It's the Twitter Curve created by Kathy Sierra back in 2006 (referenced again here in 2007) and included in a fascinating blog post about the growth of communications channels leading to continuous partial attention, to the detriment of mankind. An excerpt:
Moore's law for the brain doesn't quite work. We're evolving much, much, much too slowly... Brain 2.0 isn't coming anytime soon. And we're all feeling the enormous weight of not being able to keep up. We can't keep up with work. We can't keep up with our social life. We can't keep up with the industry, our hobbies, our families. We can't keep up with current events. We'll never read a fraction of those books on our list. And we are hurting. Worst of all, this onslaught is keeping us from doing the one thing that makes most of us the happiest... being in flow. Flow requires a depth of thinking and a focus of attention that all that context-switching prevents.
For the uninitiated, the letters used in making the above ransom-esque note are pulled from the most popular new media sites & tools (Twitter, YouTube, Facebook, Yahoo!, Gmail, eBay, Blogger, Flickr). The creator, to my knowledge, remains unknown.
But really, it could be any of us. Two years have passed since Kathy so keenly hit on the issue (and dozens of others have as well), and the problem only seems to have gotten worse.
Here's a peek into my world [which will hopefully shed light onto why my responses to some of you are so tardy...and my blog posts of late, fewer & farther apart]:
- Current browser tabs open: 9 (that's pretty typical for me, I would say)
- Yahoo! Inbox: 12,697 messages. I just checked and the oldest go back to 2003. This is from a time when I had all industry newsletters, retail promotions, and personal mail going to one account. I've since made this my personal-mail-only account, and generally keep up with those messages, but there are a lot of legacy ones still in there that I [stupidly] think I'll get through some day.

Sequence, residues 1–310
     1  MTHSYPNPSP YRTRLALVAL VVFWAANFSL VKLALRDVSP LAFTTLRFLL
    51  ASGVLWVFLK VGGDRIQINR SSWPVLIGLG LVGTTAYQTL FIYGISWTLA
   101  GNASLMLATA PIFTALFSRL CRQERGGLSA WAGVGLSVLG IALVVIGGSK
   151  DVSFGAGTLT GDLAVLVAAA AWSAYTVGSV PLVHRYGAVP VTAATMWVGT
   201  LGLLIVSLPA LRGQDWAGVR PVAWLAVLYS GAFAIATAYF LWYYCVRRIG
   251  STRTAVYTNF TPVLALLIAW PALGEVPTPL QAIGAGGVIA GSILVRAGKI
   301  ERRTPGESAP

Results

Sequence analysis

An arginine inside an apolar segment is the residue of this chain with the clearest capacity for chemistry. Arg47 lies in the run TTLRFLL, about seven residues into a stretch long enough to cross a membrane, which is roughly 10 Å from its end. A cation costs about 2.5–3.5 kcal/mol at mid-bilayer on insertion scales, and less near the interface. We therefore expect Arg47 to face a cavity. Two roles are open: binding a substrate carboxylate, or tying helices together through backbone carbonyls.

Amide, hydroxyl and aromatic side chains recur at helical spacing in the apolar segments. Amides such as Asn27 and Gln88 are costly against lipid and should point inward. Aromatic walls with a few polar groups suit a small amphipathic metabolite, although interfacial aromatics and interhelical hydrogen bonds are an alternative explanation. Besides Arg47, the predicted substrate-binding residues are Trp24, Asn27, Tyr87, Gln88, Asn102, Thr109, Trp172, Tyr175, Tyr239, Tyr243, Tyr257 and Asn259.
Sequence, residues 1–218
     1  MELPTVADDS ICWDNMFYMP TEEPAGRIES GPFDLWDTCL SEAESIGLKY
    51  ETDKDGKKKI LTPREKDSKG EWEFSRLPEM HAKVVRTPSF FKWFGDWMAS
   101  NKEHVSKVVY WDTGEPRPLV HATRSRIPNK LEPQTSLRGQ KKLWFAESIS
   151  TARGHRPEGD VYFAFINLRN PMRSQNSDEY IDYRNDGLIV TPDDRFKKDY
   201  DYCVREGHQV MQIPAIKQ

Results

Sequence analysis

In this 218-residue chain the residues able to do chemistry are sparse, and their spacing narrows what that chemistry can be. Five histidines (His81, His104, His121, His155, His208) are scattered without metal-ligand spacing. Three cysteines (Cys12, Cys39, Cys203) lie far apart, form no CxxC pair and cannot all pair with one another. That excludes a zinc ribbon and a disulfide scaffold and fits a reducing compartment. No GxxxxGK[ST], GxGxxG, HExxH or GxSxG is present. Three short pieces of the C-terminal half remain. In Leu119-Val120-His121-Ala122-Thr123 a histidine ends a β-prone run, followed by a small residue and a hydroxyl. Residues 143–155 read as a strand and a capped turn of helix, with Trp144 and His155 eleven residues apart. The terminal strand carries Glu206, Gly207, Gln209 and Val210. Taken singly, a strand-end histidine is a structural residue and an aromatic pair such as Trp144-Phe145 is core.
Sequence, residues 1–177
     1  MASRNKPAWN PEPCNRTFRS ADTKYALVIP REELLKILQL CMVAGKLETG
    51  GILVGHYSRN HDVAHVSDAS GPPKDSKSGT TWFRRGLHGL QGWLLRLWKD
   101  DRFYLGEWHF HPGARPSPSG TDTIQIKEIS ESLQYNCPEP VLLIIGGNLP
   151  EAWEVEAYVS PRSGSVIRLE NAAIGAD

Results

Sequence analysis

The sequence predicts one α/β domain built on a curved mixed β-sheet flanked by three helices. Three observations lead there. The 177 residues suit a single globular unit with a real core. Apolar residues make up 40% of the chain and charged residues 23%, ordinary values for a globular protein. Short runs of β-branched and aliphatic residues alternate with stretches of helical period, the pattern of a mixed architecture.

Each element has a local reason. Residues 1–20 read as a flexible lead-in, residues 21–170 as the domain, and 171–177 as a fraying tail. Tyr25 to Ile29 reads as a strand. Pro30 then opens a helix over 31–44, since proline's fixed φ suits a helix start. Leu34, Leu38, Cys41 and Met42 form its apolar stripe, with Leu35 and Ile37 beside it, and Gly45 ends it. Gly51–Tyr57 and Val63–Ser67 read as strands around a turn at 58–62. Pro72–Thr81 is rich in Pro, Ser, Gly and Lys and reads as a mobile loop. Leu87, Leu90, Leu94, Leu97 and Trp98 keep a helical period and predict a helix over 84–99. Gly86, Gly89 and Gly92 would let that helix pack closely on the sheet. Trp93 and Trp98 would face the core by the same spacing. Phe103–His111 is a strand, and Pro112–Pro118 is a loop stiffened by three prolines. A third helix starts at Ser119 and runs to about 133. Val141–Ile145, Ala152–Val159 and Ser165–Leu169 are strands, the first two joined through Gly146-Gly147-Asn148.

- Gmail Inbox: 26,722 messages. Silly, I know. But this is where I now get all of my industry newsletters & retail promotions. I really enjoy reading them, I simply just can't keep up. So the volume continues to grow and grow (hooray for all that free storage!)
- Hootsuite: 2 Twitter accounts (personal + professional) and 486 others that I follow (collectively)
- LinkedIn: about 100 messages in the inbox; nevermind the live update feeds & discussions.
- Facebook: 113 messages in the inbox; again, little time or energy for the live feed.
- Netvibes Homepage: 94 RSS feeds from an assortment of sources - mainstream publishers like WSJ and NYTimes, as well as local sources and friends that blog. These guys have been getting the least attention of late (sorry!)
There's also, of course, the work email account, text messages on the phone (my new T-Mobile/Google Android phone which I LOVE, LOVE, LOVE, even though it feeds into all this craziness), and assorted activity in other accounts like Flickr, IM clients, and my social media graveyard (MySpace, Friendster). How do I manage? Well, I'm an information junkie and obsessed with emerging media, so it's my nature to consume a lot to begin with. The above outline seems out of control, but really I'm continuously scanning the headlines and subject lines and addressing the things of utmost importance [to me]. I also make time to read books, cook, and travel, among other things (lest you think I'm sitting in a dark room, illuminated by the glow of a monitor 20 hours a day).
But even I am noticing the hardship caused by continuous partial attention. It's tiring. And the value:time ratio isn't maybe as strong as it used to be, when following a lot of publishers meant I was always "in the know." Now it just means that I see a lot of the same news, in muliple places (welcome to ReTweet Nation). It's time to cut back, and/or find a trusted digital curator.
Don't get me wrong; I still love the Web and all things emerging media...I just want my life back.
Here's a test: Spend one day surfing the Internet and spend another roaming your neighborhood. See how many good dinner table stories you have after each. There won't be a contest.